The tip and the Facebook posting got the bureau's attention. Agents combed public records and reached out to a network of informants to learn more about Khalifi. The informants told agents that Khalifi wasn't just expressing support for terrorist groups and jihad; he wanted to participate in what he considered a holy war.
Within a month or so, FBI agents decided that Khalifi was dangerous enough to warrant an intensive inquiry. They tapped his phones, monitored his Internet use and tracked his movements with teams of surveillance agents. The work confirmed what their sources had been saying, and FBI officials said it was time to get a better sense of what Khalifi had in mind by sending in undercover agents.
By late summer of last year, agents determined that Khalifi was brokering car sales on the Internet and was looking to buy a Toyota Prius. One of the FBI's undercover agents, a man who called himself "Hussien," posted in an online advertisement that he was selling such a car.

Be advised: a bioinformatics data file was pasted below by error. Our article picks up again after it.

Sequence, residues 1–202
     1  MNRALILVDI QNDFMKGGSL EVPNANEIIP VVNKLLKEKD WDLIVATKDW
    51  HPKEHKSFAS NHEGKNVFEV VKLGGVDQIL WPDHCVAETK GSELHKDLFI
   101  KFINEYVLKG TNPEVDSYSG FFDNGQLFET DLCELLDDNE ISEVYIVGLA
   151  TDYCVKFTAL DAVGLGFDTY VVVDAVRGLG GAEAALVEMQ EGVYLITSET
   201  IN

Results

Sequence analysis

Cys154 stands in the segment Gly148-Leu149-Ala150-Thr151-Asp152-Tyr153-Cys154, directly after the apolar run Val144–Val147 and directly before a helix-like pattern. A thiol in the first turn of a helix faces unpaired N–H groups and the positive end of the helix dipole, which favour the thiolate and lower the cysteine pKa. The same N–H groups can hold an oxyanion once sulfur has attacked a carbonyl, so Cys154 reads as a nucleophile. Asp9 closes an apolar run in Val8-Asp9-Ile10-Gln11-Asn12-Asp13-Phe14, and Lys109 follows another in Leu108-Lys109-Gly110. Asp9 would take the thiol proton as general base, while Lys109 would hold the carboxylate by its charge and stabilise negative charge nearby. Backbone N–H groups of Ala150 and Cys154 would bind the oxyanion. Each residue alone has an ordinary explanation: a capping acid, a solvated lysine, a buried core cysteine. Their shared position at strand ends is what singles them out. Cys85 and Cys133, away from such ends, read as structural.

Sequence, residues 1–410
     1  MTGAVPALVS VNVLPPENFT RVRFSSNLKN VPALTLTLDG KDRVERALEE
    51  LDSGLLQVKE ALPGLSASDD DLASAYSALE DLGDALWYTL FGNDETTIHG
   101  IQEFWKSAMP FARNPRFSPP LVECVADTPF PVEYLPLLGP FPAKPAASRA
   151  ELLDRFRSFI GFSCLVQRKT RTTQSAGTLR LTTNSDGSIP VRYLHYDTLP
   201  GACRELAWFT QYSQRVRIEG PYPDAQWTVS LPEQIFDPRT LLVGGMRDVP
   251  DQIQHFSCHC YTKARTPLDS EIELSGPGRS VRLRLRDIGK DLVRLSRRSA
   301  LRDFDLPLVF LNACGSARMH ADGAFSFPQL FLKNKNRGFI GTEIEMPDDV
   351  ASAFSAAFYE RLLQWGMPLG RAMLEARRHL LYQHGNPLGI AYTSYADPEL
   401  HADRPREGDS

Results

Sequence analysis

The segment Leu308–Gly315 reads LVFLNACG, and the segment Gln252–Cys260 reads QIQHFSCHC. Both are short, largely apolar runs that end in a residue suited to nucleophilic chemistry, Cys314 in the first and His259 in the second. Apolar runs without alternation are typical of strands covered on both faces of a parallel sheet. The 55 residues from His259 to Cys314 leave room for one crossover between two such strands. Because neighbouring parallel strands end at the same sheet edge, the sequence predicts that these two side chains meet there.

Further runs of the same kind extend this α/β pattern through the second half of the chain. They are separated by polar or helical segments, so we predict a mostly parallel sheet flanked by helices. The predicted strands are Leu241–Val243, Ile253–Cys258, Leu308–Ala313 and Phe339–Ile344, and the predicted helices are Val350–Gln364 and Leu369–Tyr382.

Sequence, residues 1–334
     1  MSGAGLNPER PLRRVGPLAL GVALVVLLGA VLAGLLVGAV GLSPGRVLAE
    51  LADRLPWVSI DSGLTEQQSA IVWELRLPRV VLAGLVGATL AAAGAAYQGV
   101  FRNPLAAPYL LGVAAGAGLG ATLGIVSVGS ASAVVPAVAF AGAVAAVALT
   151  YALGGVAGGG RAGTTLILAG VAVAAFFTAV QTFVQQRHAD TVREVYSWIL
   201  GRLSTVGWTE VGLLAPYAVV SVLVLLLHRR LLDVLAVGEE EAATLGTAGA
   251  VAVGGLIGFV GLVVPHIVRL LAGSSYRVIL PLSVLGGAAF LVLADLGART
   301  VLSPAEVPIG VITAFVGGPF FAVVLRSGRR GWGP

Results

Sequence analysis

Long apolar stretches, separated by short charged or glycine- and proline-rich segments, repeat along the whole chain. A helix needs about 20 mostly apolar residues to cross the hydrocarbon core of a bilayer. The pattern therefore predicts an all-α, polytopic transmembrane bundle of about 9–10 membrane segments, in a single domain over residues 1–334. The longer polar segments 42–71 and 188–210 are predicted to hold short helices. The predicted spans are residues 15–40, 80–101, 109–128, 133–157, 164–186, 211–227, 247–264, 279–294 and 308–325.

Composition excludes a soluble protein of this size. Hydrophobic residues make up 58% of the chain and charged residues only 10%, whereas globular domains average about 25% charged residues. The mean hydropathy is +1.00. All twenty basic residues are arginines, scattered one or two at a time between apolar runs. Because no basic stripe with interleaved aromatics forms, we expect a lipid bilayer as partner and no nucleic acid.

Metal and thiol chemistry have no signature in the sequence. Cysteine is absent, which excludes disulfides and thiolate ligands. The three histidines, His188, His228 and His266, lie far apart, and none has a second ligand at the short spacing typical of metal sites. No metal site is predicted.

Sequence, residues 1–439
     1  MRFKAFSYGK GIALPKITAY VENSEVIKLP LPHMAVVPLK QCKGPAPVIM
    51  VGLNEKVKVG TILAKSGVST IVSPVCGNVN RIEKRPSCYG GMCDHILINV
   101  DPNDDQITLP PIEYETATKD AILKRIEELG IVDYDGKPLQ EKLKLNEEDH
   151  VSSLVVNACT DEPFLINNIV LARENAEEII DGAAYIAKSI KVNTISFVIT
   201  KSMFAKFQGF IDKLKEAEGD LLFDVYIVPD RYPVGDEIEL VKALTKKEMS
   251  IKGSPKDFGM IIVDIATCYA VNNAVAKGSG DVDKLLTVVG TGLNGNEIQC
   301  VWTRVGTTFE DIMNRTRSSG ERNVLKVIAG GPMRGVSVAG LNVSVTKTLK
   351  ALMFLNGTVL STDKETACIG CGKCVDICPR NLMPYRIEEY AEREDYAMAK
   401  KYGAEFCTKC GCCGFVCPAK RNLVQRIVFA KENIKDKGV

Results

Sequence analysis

The agent soon heard from Khalifi, and they met in an office building parking lot on a cloudy and warm Thursday in September 2011. They chatted about the car and then hit it off, the FBI said, speaking in Arabic about their pasts as Muslims from Arab countries.
Khalifi also spouted violent rhetoric about Jews, Israel and U.S. policy. Hussien played it loose, agents said, mostly nodding in agreement.
"That was a good first meeting," said the case's lead agent, who spoke on the condition of anonymity for security purposes. "It set up a follow-up meeting. We were establishing a relationship."
The men met again the next day, and Khalifi bought the car. Soon, Hussien and Khalifi were hanging out and chatting on the phone about religion and automobiles. The agents lined up another deal, this time for a beat-up Volkswagen, to further develop the relationship.